Krishnan and Salazar (1), in their first description of LASP, showed the prevalence of LASP to be about 39%, while its prevalence was 29% in the study by Tugcu et al. (2). The prevalence of LASP of 11% in our study is significantly lower than in the aforementioned studies. The higher prevalence of LASP seen by Krishnan and Salazar (1) may be explained by the fact that it was an autopsy study, and imaging data were not obtained. Similar to our study, Tugcu et al. (2) did use TEE for the diagnosis of LASP, but their study population was exclusively older than 50 years (mean age 70.6 ± 9 years), with histories of recent ischemic stroke. Whether the larger sample size in our study (n = 566) coupled with diverse indications for TEE in our study sample (not exclusively post–ischemic stroke) led to a lower prevalence of LASP in our study remains unknown.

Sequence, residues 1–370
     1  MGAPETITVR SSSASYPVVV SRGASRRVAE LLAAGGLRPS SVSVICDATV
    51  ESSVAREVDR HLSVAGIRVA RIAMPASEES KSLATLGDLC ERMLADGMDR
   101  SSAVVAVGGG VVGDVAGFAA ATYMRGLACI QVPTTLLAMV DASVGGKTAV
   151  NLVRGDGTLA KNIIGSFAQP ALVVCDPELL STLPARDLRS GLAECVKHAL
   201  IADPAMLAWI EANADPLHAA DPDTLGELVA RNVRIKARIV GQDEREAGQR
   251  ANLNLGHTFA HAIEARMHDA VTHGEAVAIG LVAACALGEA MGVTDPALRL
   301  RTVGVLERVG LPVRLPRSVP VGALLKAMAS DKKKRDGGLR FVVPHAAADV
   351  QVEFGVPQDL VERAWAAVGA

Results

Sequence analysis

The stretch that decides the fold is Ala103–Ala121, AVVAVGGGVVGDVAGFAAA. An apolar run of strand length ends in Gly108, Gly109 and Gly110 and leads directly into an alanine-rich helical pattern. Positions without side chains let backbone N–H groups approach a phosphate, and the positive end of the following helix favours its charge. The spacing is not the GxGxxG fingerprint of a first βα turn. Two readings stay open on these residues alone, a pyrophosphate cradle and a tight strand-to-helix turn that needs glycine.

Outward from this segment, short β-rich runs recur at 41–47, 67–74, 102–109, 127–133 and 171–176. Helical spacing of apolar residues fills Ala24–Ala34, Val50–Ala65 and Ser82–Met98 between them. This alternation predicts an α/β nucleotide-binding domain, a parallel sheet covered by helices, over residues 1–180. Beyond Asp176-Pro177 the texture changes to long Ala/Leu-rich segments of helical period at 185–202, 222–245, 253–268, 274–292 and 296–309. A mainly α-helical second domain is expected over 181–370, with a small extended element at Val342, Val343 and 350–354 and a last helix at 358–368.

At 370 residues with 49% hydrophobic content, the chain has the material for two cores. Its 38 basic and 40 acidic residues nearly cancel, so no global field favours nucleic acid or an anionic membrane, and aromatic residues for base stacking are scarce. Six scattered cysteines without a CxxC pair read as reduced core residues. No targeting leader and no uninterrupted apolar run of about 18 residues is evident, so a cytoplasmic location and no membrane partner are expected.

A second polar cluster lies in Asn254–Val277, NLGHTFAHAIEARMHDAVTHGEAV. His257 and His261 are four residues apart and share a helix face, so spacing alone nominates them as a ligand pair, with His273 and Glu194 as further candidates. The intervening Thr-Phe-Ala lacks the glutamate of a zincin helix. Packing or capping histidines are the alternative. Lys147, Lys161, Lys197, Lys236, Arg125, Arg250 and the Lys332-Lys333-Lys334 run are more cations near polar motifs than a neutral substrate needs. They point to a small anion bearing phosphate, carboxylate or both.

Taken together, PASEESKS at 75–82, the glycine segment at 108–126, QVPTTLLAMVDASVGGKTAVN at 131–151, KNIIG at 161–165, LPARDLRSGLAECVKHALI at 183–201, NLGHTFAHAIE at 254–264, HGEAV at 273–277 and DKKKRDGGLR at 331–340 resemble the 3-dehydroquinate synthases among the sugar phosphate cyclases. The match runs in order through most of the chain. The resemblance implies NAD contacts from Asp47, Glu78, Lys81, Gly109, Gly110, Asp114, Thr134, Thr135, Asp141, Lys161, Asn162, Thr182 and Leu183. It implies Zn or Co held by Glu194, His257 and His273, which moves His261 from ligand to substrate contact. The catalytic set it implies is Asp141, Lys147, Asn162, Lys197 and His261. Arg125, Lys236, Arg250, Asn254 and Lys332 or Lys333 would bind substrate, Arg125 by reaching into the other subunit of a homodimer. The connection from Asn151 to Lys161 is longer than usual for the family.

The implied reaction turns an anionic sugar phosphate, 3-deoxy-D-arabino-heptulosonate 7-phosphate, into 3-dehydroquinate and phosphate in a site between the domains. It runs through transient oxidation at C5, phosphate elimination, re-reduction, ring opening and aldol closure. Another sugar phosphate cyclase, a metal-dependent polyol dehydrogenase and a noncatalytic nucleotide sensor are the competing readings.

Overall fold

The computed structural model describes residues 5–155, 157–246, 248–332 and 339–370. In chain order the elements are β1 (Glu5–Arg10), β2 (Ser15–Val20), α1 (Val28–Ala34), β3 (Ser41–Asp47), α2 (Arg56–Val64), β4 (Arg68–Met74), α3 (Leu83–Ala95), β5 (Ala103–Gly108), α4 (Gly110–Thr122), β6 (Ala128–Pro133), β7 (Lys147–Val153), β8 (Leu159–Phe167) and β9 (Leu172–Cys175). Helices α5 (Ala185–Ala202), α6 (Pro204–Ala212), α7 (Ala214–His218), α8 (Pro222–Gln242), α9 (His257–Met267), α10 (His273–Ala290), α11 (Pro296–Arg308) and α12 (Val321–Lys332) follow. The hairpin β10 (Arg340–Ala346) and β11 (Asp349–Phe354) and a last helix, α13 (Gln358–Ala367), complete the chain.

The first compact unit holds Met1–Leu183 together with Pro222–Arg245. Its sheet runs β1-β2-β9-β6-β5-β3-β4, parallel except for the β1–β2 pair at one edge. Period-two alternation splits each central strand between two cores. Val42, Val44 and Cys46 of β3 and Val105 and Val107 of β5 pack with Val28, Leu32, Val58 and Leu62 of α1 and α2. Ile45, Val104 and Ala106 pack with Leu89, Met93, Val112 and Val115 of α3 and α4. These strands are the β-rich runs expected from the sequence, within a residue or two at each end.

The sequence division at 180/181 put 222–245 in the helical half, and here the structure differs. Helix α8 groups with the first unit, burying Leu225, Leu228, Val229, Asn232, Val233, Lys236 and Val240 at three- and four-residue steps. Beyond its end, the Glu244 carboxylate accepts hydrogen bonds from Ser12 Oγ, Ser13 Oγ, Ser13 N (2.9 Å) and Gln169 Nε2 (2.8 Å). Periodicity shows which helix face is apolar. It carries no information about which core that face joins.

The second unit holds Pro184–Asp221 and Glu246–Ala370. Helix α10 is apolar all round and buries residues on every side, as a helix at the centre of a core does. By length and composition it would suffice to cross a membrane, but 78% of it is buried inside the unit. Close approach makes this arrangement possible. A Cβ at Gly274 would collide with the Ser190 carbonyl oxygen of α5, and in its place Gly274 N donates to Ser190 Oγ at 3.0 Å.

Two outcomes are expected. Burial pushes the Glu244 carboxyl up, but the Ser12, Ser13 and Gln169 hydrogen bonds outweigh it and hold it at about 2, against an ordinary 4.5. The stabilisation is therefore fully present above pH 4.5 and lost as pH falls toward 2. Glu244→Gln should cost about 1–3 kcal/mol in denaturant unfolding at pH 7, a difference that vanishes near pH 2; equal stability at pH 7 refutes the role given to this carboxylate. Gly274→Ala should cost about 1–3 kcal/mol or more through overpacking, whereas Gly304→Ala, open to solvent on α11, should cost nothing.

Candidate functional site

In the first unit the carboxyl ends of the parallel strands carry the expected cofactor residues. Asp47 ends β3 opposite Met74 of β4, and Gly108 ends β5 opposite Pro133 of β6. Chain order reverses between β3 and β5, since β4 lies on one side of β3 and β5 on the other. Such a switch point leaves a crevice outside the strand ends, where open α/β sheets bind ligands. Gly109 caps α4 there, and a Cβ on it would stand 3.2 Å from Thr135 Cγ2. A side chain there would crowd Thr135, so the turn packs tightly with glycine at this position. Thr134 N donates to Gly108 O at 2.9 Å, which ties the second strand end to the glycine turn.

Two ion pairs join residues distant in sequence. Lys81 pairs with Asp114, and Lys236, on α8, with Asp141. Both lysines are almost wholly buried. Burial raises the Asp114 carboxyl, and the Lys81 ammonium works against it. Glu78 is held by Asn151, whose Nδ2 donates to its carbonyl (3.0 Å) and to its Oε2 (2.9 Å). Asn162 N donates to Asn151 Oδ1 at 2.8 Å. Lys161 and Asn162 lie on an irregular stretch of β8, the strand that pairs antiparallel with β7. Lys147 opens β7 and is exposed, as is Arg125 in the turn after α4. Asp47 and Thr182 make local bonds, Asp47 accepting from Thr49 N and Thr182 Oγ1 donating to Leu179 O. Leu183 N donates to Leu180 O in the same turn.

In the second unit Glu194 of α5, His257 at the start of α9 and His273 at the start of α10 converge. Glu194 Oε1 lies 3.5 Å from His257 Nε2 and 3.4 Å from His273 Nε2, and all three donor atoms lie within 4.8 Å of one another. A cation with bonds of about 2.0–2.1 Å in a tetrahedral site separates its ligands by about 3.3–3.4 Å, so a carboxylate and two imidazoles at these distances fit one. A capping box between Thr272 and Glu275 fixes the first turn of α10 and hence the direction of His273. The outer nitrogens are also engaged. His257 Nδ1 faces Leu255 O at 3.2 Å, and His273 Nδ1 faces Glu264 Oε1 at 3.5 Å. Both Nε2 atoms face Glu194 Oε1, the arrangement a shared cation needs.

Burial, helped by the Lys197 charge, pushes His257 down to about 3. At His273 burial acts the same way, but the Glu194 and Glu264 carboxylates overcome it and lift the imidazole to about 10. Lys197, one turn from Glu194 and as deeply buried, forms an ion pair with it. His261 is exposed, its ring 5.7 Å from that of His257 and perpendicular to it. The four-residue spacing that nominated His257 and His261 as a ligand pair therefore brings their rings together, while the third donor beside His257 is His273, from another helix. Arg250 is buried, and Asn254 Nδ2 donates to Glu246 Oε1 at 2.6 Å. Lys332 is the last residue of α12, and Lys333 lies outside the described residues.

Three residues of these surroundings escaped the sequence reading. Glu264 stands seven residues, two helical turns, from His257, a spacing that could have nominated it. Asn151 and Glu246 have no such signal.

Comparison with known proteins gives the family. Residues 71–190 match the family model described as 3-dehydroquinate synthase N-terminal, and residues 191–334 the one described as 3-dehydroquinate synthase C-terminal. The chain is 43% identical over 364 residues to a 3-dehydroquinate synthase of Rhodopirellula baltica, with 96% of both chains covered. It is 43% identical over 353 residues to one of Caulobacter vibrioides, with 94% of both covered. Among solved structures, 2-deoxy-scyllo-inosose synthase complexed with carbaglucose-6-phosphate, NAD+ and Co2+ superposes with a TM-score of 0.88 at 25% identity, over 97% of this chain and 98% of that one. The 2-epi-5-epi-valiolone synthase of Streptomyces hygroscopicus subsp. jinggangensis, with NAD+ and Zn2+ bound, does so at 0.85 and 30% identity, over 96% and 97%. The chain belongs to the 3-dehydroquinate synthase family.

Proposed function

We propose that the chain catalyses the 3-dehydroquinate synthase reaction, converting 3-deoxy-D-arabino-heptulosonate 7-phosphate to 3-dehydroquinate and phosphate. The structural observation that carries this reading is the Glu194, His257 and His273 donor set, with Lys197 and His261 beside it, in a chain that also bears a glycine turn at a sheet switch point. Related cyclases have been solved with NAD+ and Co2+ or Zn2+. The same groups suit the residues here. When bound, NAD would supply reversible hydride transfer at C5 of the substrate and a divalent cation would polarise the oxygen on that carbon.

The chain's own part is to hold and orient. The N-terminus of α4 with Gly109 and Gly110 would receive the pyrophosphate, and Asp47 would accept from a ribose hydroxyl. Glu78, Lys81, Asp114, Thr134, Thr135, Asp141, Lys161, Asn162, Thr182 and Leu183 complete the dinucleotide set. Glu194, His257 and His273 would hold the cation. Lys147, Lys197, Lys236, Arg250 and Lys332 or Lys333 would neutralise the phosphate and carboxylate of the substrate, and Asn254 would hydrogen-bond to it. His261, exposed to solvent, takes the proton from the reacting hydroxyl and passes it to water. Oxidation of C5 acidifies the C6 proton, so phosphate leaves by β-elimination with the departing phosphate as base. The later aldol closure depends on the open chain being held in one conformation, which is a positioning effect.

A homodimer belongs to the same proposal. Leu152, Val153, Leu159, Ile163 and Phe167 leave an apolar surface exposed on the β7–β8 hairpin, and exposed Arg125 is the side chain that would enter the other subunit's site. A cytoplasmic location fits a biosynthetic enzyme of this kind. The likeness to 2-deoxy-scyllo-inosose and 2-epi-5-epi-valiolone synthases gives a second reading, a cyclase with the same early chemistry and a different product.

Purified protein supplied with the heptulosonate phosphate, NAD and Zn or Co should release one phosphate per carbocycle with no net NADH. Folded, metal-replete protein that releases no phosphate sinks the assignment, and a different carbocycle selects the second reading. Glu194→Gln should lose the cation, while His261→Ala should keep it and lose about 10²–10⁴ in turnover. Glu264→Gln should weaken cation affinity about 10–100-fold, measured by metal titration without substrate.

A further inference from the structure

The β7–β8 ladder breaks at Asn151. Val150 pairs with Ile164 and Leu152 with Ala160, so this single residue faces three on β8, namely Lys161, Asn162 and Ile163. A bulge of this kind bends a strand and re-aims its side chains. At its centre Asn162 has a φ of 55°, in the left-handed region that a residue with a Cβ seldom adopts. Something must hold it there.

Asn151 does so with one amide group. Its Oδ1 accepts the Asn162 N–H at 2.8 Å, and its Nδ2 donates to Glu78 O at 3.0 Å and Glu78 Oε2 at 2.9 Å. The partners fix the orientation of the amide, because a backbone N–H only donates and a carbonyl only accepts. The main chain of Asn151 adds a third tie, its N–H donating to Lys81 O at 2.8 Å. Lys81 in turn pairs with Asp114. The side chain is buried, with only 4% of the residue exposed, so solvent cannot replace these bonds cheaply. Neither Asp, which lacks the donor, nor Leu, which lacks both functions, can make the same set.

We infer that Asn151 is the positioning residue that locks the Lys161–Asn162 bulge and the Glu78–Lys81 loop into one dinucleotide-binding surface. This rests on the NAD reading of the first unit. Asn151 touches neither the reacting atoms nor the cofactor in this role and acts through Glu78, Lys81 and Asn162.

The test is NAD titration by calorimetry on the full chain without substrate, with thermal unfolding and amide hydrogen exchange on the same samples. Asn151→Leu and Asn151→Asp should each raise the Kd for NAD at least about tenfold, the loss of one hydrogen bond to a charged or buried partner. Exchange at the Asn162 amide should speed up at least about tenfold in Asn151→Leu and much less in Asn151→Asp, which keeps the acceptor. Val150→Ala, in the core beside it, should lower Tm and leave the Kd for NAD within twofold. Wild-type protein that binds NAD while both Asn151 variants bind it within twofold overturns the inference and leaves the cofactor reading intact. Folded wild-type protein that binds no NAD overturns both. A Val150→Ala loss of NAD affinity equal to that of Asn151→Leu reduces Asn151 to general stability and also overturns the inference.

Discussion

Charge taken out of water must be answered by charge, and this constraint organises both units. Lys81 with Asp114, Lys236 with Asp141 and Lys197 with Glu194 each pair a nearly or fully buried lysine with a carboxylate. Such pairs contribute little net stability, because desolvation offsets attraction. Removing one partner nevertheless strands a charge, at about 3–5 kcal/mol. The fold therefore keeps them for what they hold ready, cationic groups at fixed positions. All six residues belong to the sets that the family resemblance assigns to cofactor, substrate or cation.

In our opinion, although there are rare cases of clot in LASP, its role in thrombogenicity and subsequent cardioembolic phenomena continues to be uncertain. Further studies are needed to analyze the population-attributable risk for stroke due to LASP (3).
To conclude, our results show a lower overall prevalence of LASP in this transesophageal echocardiographic study compared with previous studies. No demographic, clinical, and echocardiographic characteristics were found to be associated with the presence of LASP. Finally, the presence of LASP was not found to be associated with increased risk for cryptogenic stroke.
Please note: Dr. Sivaram is on the Medtronic data and safety monitoring board. All other authors have reported that they have no relationships relevant to the contents of this paper to disclose.